1. I try to not let being an artist define my self-image completely.
I'm not the most prolific artist, and sometimes when I don't make work for awhile, I feel like I've lost my identity. But if your reason for maintaining a rigorous studio practice is so that you can justify calling yourself an artist, the work is serving the ego.
I try to remind myself that I have value as a person outside of what I make. If I don't make art for awhile, people will still like me. I can still call myself a creator if I only speak when I have something to say.
2. I enjoy visualizing big picture data with graphs, maps, and charts. I like to make information digestible by making it visual. I secretly love Excel.
1) I think of quitting practically every day/week that I’m in the studio. There’s that inevitable wave of profound frustration that occurs when a painting isn’t working and it crushes your psyche. But experience, after all these years, has taught me that patience is the fixer. Ride out the wave—resist the urge to chuck the work out the window—and don’t go back into it during moments of blinding infuriation; shake it off and take a break (not to be confused with passionate driving infuriation—good breakthroughs can come from that).
2) Since day one I’ve always dreamt of having some connection to nature in whatever I planned for my future profession. I loved the idea of being a Naturalist, or an anthropologist—or an archeologist. Sociology was also on the forefront of my interests, so basically the study of human nature, civilizations and anything focused on animal behavior—a culmination of all of the above would have been my 2nd professional choice. Luckily I can address these interests in my art and it checks all the boxes.
1) The thought of quitting rides tandem with the fear of failing to articulate my ideas clearly to others. And in thinking about quitting, I feel a liberation - because the option of quitting is there. At that moment, I know that what I make doesn’t have to be on display, and this practice is for my own articulation - this is first and foremost a way to think out loud and connect with myself, and it has always been that. So then the work reaches a more honest space, and the articulation follows.
2) If I were not an artist, I would want to work in hospitality, build a restaurant. It’s a way to create an experience that others literally consume, and tend to feel a sense of ownership of the space as a patron. Restaurants foster camaraderie and conversation, interaction. I would love to create spaces for these things to happen while supporting sustainable food production, musicians, artists....
1) yes- every other day. What sustains me is the spontaneous ideas and inspiration that hit- and I’m compelled to try to work it out. Problem solving is a big turn on for me.
2) I thought about art conservation for a while, even took a few chemistry courses- the decision not to pursue sometimes haunts me.
1) a) all the time
b) making creates energy within me to give to others- makes me/keeps me a good person. Without it im useless.
2) a hip hop dancer
(Non “creative”? - swimmer)
(Maybe change swimmer to translator/foreign correspondent)
1) Never quitting just moving on. Time is biggest constraint. I am always interested in exploring something. The act of making is so satisfying. The art community I know keeps me curious, allows for different thinking and in that I find comfort and excitement My interest is always piqued.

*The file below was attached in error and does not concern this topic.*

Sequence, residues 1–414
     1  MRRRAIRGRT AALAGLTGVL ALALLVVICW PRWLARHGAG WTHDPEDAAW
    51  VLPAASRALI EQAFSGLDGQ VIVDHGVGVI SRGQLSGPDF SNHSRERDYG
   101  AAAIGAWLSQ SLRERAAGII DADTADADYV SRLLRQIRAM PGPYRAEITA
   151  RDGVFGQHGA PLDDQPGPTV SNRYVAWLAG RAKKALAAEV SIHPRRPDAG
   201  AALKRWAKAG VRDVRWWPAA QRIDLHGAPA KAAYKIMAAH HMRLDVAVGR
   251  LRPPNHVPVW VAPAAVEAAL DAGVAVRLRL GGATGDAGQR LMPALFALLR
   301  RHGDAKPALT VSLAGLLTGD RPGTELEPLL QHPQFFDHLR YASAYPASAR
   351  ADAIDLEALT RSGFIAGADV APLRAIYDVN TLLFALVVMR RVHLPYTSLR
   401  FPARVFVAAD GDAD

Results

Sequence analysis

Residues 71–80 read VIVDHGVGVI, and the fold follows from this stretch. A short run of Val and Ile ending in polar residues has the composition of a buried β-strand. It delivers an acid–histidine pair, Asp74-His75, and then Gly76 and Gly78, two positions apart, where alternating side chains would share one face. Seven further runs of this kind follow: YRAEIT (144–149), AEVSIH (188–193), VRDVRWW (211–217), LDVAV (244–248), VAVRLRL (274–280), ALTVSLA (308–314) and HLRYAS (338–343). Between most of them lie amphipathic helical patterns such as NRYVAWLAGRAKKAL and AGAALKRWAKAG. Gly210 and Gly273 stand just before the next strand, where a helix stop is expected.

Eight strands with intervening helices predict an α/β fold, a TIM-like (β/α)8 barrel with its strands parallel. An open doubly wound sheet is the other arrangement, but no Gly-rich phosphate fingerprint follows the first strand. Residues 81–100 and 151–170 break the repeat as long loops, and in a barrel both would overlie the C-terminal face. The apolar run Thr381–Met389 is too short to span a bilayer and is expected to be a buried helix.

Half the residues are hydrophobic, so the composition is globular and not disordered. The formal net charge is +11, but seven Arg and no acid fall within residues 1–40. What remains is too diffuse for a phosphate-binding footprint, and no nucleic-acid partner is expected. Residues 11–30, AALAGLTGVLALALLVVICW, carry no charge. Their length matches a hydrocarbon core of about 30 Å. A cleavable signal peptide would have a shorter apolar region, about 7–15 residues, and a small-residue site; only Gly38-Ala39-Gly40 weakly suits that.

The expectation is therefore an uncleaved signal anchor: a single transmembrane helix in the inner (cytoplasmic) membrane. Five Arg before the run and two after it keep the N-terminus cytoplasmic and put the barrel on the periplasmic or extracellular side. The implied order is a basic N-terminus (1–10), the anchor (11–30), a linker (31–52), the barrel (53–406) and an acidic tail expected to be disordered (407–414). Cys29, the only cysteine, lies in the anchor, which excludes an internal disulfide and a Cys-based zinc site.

2) Educator, researcher.
1) Even as a child I identified as an artist. My mother often recounts a story about me drawing in church when i was perhaps 3 years old and a woman asked me if I was going to be an artist when I grew up. I turned to her without hesitation or arrogance and told her that I already was an artist. I wonder now what my concept of artist was at that time. Clearly it had something to do with making pictures and not much with being an adult. So I always identified with the title and the name artist. Quitting didn't fit with this sort of identification because it has little to do with external factors and everything to do with a deeply internalized belief in who I am. However I have a constant struggle to figure out what sort of an artist I am. I am shifting gears all the time, feeling like I should constantly be somewhere else practicing in a different way. I have never been convinced that I was any particular type of artist: painter, writer, illustrator, animator, actor, musician, all things I've dabbled with. So my commitment to a medium and a craft was always flimsy but not to the larger project of living a creative life. I get very depressed when I am not making something. The question is never whether to make, but what and how to make it.
2) I have thought about this question for a week, and I still don't have a good answer. All my thoughts sound either grandiose or self effacing. I simply don't have an answer.
1) I like these questions too because I have thought of quitting many times. When I was in Nashville I started working with Matt Alexander at HollerDesign. In the back of my mind I think I was hoping that woodworking could be creative enough, but also a solid trade and I wouldn't be stuck behind a computer. I also worked for the filmmaker John Hughes for a couple years and thought that might lead me somewhere. Right out of college I worked at an awesome record label. But as fortunate as I feel to work with these super talented people, art is a different itch. When I am alone in the studio for 14 hours, I am able to digest something important. I don't know exactly what it is, but when I don't digest it, I feel crazy. This being said, making the decision to be an artist feels like an abusive relationship. Its not give/take. I've spent all of my money and free time since I was 20 years old scratching this itch, and I think I'm just starting to get good at it.
2) I'd probably be some sort of farmer.